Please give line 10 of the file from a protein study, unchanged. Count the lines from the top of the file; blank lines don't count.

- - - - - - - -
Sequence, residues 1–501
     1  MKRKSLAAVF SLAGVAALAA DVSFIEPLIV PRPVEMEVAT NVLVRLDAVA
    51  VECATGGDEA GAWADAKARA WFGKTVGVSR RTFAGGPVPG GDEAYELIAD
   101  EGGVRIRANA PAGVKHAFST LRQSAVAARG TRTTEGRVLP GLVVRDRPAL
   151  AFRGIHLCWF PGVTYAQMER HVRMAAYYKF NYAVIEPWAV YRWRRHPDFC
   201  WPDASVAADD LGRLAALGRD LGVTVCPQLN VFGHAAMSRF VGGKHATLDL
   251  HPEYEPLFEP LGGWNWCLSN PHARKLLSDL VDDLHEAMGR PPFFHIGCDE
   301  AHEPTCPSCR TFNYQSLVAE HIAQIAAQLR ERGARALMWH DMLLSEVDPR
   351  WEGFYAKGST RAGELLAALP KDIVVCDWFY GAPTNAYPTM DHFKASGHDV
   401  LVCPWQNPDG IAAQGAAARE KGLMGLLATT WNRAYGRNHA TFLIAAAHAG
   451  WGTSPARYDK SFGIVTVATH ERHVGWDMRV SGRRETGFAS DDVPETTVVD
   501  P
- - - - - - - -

   401  LVCPWQNPDG IAAQGAAARE KGLMGLLATT WNRAYGRNHA TFLIAAAHAG